• they grew wheat and barley, grapes and figs, olives, melons, apples, eggplants, beans, lettuces… they raised sheep, goats, and cattle.
  • they brewed beer, and also used fermentation to leaven breads and cakes; grapes were used to make both raisins and wine.

So your characters in this story, set circa 3000 B.C.E., either ate a diverse spread of foods on a daily basis, and were part of a rich food-making culture, or they were somehow outside of that, and their lives involved a substantial amount of awareness that they could be eating better. Just from knowing what their food potential was, you know all of that.

Same is true whether you set your story in a version of Revolutionary France, colonial South Africa, the Phillipines during WWII, or during the breakfast hour in northern Thailand, last week. Food is culture.

My birthday is at the end of November, so I’ll be dedicating this blog to the history of cakes all through that month. Cakes because it’s my birthday month! And I like cake. But more importantly, by choosing one type of food to start with, we can begin to talk about food history and everything that goes with it, in a focused way.

I’ve already started trying out recipes and writing posts. I’m going to start with a basic history of cakes (including definitions), then start off with a recipe for temple cakes of Ur. I’ll go through evolutions in wheat, leavening, and ovens, as we make our way through unleavened fruit cakes into beginning pastries, through politics and colonialism and the economic factors that influenced recipe design, into the advertising behind certain early 20th century cakes and the psychology of cake decorating in the 1950s, before ending up with a couple of posts on cake mixes and novelty cake molds. Each recipe post will have pictures and instructions, as well as my notes about the sociocultural importance of the featured cake.

My Patreon subscribers will gets advance notes and previews all through September and October, but everyone will be able to read these posts for free as they post each day in November. (Want to kick in for ingredients? My PayPal is here. Or, you can check out my Amazon list for basic cooking tools which would help me make all the things.)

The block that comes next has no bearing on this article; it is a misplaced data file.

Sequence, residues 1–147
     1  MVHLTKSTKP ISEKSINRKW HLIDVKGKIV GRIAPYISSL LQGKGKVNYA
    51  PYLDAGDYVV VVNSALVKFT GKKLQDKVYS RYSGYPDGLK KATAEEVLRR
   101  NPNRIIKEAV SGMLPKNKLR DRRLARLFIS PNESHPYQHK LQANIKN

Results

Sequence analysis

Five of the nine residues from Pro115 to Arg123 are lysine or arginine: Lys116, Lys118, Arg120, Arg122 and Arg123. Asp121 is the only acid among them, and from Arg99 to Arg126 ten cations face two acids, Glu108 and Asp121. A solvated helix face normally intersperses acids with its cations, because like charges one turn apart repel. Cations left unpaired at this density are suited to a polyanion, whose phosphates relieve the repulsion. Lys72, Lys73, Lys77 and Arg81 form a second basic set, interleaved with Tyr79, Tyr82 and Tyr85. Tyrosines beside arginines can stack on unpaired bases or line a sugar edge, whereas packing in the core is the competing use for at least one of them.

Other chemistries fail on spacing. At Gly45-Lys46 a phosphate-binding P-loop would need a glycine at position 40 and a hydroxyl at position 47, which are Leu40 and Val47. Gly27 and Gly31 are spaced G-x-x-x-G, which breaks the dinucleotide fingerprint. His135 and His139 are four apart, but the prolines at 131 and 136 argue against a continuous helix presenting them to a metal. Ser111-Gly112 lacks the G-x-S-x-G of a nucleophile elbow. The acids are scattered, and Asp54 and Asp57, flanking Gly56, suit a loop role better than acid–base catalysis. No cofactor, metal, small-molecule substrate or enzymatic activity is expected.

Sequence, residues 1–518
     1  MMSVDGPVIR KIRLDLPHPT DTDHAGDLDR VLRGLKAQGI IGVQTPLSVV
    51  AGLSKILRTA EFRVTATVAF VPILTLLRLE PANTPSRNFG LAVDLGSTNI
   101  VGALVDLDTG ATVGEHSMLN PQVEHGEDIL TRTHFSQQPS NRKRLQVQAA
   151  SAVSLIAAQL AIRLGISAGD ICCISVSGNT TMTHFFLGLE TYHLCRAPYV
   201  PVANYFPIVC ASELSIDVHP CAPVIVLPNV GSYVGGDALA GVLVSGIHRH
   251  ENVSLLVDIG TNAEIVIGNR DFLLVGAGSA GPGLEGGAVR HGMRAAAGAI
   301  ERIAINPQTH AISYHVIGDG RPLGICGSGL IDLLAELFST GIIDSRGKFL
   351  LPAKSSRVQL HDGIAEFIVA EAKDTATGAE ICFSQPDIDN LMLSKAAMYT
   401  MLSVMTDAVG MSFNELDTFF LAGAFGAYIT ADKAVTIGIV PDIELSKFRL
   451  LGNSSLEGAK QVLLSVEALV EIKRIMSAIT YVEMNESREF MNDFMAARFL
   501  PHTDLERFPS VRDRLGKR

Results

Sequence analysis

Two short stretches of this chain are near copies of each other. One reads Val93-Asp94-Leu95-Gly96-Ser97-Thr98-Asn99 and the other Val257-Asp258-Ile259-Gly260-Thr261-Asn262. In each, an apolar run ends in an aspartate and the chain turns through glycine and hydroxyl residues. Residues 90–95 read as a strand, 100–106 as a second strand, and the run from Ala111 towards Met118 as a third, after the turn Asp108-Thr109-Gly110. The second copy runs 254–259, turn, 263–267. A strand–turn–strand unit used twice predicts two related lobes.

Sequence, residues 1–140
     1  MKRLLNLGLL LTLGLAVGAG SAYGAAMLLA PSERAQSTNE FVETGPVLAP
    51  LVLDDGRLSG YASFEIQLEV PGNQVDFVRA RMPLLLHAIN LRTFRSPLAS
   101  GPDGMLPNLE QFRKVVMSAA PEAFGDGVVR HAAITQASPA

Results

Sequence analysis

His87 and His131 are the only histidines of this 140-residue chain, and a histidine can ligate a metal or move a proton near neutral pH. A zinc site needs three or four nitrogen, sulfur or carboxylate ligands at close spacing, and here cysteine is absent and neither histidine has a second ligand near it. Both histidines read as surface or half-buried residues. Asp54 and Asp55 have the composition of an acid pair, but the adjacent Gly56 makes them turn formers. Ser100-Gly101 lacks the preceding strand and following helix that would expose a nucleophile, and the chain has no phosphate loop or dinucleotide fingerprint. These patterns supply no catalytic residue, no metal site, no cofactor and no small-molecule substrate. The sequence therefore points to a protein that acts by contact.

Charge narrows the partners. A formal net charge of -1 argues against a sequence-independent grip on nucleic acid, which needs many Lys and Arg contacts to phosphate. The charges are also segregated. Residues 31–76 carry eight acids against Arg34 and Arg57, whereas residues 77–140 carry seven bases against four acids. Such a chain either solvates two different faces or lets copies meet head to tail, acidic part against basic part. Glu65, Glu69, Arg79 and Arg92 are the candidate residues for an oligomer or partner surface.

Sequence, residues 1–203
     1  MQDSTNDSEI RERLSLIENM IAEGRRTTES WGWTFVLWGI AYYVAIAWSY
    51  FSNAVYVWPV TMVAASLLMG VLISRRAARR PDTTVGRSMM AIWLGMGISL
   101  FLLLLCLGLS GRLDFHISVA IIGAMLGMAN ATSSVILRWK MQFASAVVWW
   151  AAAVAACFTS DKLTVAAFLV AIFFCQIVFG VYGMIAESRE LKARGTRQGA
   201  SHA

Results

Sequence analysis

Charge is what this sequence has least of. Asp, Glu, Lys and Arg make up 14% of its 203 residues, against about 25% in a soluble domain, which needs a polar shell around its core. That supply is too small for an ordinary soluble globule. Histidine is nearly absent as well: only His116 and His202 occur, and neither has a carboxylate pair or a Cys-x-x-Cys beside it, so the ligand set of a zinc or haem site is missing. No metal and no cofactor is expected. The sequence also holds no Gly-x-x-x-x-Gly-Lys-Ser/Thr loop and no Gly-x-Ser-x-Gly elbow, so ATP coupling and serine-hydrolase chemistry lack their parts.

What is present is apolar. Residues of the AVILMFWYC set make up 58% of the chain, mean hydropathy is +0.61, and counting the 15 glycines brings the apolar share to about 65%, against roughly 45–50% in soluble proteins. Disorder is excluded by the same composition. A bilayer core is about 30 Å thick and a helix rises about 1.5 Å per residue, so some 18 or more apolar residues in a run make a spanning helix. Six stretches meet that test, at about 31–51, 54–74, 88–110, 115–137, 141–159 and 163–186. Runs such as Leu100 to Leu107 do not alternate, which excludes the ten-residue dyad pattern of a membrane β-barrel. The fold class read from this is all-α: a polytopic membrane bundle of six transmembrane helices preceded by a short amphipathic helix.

I’m really excited to start this discussion with, to share my love of food and my academic studies with other writers and readers. Please feel free to ask any questions!

And thanks again for reading.

If you write near-future SF, you should care about “Design and Construction Week”

Every year I check out what’s new from Design and Construction Week, a home building expo that’s like the mid-20th century’s “House of the Future”, expos except the most of the exhibits focus on products made and used in houses now. A lot of the “luxury” items–same as with personal tech like cutting-edge phones and computers–are too expensive for the average person now but will be affordable in 5 or 10 years. The construction materials will be phased into building over the next 5-20 years, as people build new or renovate. So, if you’re writing a story set 10, 20, or 30 years into the future, the innovations that were featured in this year’s show will probably be “everyday” to the characters in your story.

It’s got two parts: International Building Materials, and Kitchen & Bath; if you missed it when the show was running, HGTV does a recap, and you can find individual exhibitors by doing a quick Google search. There’s YouTube videos, too. Plus, KBIS (the interior portion of the exhibition) has a gallery of recent products here.

Some new items I might use in future stories include:

FUTRUS Patient Room 2020 In Corian®

Dupont’s Corian series is taking durable/low maintenance countertops in new directions, literally. Their online gallery is here; be sure to check out their “commercial” looks for more inspiration, as well as the rest of their site. Things to keep in mind: Curving walls, seamless waterfall counters, built in cubbies and racks, wireless charging stations hidden under a surface that looks like marble, granite, or wood.